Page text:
Snorkeling seems like a pretty basic, self-explanatory activity: float, breathe, observe. After attending a snorkeling course, however, I quickly learned that there’s still a lot to know about the popular ocean exercise. Here are a few vital pointers I picked up in the class as well as a few snorkeling tips for beginners looking to expand their horizons.
Becoming Familiar with Your Equipment
Before getting in the pool, our instructor took a look at the equipment my coworker and I had brought with us. He helped us correctly put on our gear, noticing the absence of a few necessities (I’d gone on a trip recently and used my fins without booties—apparently, your fins aren't supposed to cut into your heels). He also helped me fit and defog my snorkeling mask which I had pulled way too tight on my face. We hadn’t even gotten to the basic instruction and I was already realizing I may not have known as much as I thought.
It wouldn’t be a bad idea to take a class prior to buying your snorkeling gear so you can figure out what you like. Most likely, your instructor will have a few options for you to try on to see if you prefer a wet or dry snorkel, split or regular fins, etc. Test them and see which ones you have a preference for. You can get familiar with the equipment and then go about making a more informed purchase.
Learning Snorkel Basics
During our class, our instructor got us familiar with a few snorkeling basics. The first thing we learned was how to breathe properly. Since I was already comfortable breathing through my snorkel, the next step was to learn to hyperventilate. While it sounds like the kind of panicky breathing we associate with anxiety attacks and brown paper bags, it’s more about taking a few slow, deep lungs full of air before diving down, effectively lowering the body’s carbon dioxide levels. Make sure you only take a few breaths, however, because if you hyperventilate too much, you risk blacking out upon surfacing.
We learned hyperventilation in preparation for our next lesson: skin diving. Skin diving is the practice of diving down under water to get a closer look at whatever might be down there. In the abstract, it’s some kind of sea life. In practice, it was pool diving toys. Diving down takes a little practice, but it’s accomplished by bending your body down in the water while straightening your legs in the air, their weight taking you underwater. Once your legs are submerged, you can kick your fins to take you to the bottom, equalizing the pressure in your ears if necessary (plugging your nose and gently blowing air from your lungs). As you return to the surface, let your body rise naturally, kicking as little as possible to save energy.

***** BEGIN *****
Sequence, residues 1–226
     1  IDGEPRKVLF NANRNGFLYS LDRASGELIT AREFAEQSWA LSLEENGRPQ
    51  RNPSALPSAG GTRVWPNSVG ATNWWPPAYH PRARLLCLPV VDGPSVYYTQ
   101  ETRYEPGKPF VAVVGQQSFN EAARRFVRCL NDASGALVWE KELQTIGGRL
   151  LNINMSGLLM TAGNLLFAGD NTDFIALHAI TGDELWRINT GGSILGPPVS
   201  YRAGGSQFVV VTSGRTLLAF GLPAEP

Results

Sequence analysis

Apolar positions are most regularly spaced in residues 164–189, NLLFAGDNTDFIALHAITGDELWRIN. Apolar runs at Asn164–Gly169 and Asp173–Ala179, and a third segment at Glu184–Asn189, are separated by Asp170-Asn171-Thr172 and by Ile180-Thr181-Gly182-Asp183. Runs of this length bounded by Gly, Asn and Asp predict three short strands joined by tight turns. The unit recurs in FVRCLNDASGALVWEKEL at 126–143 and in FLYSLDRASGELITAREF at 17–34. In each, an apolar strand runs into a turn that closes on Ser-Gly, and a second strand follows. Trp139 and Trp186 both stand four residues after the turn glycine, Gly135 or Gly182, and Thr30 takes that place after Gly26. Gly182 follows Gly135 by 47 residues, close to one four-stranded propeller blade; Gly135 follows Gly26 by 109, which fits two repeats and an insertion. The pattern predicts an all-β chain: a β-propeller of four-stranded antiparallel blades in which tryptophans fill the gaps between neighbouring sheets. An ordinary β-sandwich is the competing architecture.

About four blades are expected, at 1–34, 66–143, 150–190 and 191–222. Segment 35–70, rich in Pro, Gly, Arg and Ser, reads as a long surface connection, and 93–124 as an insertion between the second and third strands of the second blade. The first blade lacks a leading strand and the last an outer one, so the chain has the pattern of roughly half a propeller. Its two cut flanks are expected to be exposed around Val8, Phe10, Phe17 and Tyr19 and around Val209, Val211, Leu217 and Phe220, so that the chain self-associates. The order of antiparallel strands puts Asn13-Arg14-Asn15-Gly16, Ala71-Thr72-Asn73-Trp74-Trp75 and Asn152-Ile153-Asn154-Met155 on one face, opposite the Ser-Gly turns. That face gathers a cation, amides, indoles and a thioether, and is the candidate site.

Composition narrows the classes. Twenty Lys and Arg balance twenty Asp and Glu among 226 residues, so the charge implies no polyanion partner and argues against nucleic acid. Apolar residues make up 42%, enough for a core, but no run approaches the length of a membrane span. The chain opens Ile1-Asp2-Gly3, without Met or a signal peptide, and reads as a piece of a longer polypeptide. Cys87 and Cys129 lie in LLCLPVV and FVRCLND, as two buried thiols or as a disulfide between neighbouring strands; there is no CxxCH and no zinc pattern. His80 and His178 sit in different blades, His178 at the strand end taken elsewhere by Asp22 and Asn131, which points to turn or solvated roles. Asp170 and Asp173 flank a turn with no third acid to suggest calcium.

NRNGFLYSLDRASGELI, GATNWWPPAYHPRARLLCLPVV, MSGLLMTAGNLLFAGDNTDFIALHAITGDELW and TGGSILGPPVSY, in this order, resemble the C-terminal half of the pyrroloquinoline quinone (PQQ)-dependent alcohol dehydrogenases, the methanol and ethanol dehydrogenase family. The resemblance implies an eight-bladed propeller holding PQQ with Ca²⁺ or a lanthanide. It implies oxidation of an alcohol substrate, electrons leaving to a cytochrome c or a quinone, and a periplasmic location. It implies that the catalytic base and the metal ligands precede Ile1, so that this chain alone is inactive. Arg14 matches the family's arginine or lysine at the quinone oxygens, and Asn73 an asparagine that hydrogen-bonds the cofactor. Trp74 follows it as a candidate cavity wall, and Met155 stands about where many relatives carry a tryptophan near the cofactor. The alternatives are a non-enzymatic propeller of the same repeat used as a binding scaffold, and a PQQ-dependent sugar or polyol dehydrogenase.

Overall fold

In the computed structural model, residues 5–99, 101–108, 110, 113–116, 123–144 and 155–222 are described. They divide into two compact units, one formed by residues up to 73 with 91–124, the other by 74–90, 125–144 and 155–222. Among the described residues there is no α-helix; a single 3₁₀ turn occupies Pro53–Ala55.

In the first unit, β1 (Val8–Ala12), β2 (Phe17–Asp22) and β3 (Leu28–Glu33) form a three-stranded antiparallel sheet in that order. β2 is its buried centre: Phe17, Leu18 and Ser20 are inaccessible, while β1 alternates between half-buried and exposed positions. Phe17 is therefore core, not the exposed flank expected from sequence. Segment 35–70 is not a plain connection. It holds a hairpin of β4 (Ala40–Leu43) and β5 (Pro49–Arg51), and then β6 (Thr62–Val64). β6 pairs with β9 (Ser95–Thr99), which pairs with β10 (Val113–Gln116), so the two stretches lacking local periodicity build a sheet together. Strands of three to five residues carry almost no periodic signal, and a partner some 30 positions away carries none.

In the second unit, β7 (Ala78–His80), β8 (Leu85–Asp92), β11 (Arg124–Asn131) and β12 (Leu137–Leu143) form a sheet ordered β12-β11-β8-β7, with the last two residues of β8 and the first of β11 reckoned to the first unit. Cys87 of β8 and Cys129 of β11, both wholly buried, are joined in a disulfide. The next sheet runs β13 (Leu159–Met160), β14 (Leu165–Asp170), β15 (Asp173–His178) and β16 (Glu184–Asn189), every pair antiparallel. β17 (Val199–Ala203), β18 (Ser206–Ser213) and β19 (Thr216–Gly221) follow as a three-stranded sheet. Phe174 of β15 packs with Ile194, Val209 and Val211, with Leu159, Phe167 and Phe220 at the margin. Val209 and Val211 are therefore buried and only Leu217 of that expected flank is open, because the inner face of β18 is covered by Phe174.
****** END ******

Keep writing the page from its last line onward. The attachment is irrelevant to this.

Another basic technique I learned was surfacing properly by rolling your head to the top of the water instead of kicking towards daylight and lifting your head out completely when you get there. If you roll your head to the surface instead of taking it out of the water, you’re not dealing with keeping that extra weight afloat, forcing you to kick to avoid taking an unnecessary mouthful of water. Since your snorkel will probably have some water in it, clear it by pinching the plastic tubing on the side closed with your fingers and blow a quick burst of air and the water should go out the purge valve on the snorkel (if you have one). Repeat if it’s not fully clear, breathing around the remaining water.
Handling Stressful Situations
Any time you're in open water, there's a likelihood that something may go wrong. Our instructor gave us a few tools to implement so that we don't panic if we're ever in such a situation. In those dire moments when you’re getting tired and are afraid you might not make it back to shore, there’s a technique that will help you save your energy. In anticipation of potential bouts of exhaustion, we practiced inflating our lungs and floating with our head in the water, breathing through the snorkel and immobilizing our limbs. While looking lifeless in the pool, we were actually experiencing moments of rest, not having to kick or paddle to stay afloat. This can be used intermittently to catch a breather between pushes to get back to shore in a bad current or to conserve energy between tiring dives while snorkeling.
Clearing out our masks was another vital tip we practiced, in the likely chance they get filled with water. We simulated this by pulling the mask away from our faces slightly until we got that obnoxious stream of water flowing into the bottom half of the goggles. To push the water out, all you have to do is blow a burst of air out of your nose and the water gets pushed through the bottom. Now, if I ever get a goggle leak while diving underwater, I know how to clear it without having to surface or remove the mask completely, which leads to fogging and decreased visibility.
For anybody learning how to snorkel or wanting to spend some serious time in the water on their next beach-based vacation, taking a snorkeling class is a good idea. Even though I had been before, I still learned some tips that will benefit me greatly on my next trip. If you don’t plan on taking a course, jump in the pool and try out a few of these techniques before hitting the open water. Not only will they enhance your experience, they might save your life.
Big thanks to Doug, our knowledgeable instructor who had some great diving stories to share and Adventure West Scuba in South Ogden, Utah for being so accommodating.